The thiazide-sensitive sodium chloride cotransporter (NCC) is one of the key determinants of salt balance and thus systemic blood pressure. However, in contrast to other important effectors of salt balance we know little about how hormonal and physiological signals alter activity of this cotransporter. Preliminary data demonstrates the role of the ERK1/2 MAPK (Extra-cellular signal-Regulated Kinases 1 and 2 Mitogen-Activated Protein Kinases) pathway in the ubiquitination and endocytosis of NCC. With-No-Lysine Kinase 1 and 4 (WNK1 and WNK4), Ste20-related proline alanine-rich kinase (SPAK) and Oxidative Stress Response-1 (OSR1) are also important regulators of NCC, and there is data that some hormones regulate NCC. However, a link between hormones and the intracellular pathways that mediate the effects of hormones on NCC has not been established. The broad hypothesis of the proposed investigation is that NCC is subject to hormonal regulation that proceeds through modulation of the kinases ERK1/2, SPAK/OSR and WNKs.
Aim 1 will define the hormonal regulation of NCC through activation of ERK1/2 MAPK. ERK1/2 MAPK will be examined as a central mediator of the hormonal/physiological effects of Epidermal Growth Factor (EGF) and the Calcium-sensing Receptor (CaSR) on NCC. The mechanism of ERK1/2 activation and the roles of ubiquitination and endocytosis in this process will be thoroughly examined for each hormone, tracing a pathway from hormonal stimulus to functional effect.
Aim 2 will determine the hormonal regulation of NCC by Aldosterone through ERK1/2 MAPK and SPAK/OSR and the mechanisms underlying these effects. ERK1/2 inhibition and SPAK/OSR activation by Aldosterone may lead to increased NCC activity. The role of WNKs in these pathways will be thoroughly examined.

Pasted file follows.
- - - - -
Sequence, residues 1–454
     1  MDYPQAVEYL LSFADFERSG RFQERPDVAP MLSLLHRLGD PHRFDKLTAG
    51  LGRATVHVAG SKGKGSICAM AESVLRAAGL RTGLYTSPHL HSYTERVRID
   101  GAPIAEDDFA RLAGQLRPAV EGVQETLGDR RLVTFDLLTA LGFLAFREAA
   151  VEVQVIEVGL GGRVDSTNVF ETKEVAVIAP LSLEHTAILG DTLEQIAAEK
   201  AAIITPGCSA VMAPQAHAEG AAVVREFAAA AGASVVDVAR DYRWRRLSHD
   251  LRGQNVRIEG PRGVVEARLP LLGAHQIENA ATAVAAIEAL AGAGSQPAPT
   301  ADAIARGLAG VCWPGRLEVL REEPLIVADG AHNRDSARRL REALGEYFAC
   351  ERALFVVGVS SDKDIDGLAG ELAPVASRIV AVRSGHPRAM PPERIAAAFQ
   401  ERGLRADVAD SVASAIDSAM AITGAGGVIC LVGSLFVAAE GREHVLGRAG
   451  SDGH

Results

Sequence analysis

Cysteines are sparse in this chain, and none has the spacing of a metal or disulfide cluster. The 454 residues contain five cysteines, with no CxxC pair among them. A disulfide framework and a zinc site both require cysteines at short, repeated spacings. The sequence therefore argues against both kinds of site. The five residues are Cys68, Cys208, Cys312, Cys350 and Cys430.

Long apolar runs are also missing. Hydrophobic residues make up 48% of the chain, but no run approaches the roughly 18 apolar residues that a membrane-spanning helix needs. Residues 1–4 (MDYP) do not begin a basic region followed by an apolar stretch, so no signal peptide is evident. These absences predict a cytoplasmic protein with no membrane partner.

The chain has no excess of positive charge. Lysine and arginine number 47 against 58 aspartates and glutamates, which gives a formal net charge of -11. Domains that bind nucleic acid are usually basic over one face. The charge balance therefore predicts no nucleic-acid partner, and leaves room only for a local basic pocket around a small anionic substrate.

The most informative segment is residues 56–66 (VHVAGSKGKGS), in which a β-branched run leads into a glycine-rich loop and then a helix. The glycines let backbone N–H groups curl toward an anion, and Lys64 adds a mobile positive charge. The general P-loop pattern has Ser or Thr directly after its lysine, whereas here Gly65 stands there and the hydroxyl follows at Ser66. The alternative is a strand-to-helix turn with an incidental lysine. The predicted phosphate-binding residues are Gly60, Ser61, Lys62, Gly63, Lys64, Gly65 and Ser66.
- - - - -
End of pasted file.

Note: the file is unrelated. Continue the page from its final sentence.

Aim 3 will determine the underlying molecular mechanisms mediating hormonal regulation of NCC by Angiotensin II. The roles of each of these kinase pathways will be examined with a particular emphasis on WNKs. Mammalian cell culture, isolated tubule microperfusion and whole animal experimentation will be utilized to examine effects at the cellular/molecular, tubular and organismal level. Knowledge of hormonal regulation of blood pressure has played a critical role in the development of new therapies to treat hypertension, the single risk factor that contributes the most to worldwide mortality. These studies will provide vital information on the regulation of this important effector of blood pressure homeostasis.

Public Health Relevance

The sodium chloride cotransporter (NCC) is an important salt absorptive pathway in the mammalian kidney that is the site of action of one of the most effective classes of anti- hypertensive medications and plays a key role in genetic disorders of hypertension. Despite the importance of this cotransporter in human disease, we know little about its hormonal regulation. This investigation of the hormonal regulation of this key effector of blood pressure will provide invaluable insight into the pathogenesis of Hypertension.

Agency
National Institute of Health (NIH)
Institute
National Institute of Diabetes and Digestive and Kidney Diseases (NIDDK)
Type
Research Project (R01)
Project #
5R01DK085097-03
Application #
8323954
Study Section
Special Emphasis Panel (ZRG1-DKUS-G (03))
Program Officer
Ketchum, Christian J
Project Start
2010-09-25
Project End
2015-08-31
Budget Start
2012-09-01
Budget End
2013-08-31
Support Year
3
Fiscal Year
2012
Total Cost
$291,555
Indirect Cost
$103,455
Name
Emory University
Department
Internal Medicine/Medicine
Type
Schools of Medicine
DUNS #
066469933
City
Atlanta
State
GA
Country
United States
Zip Code
30322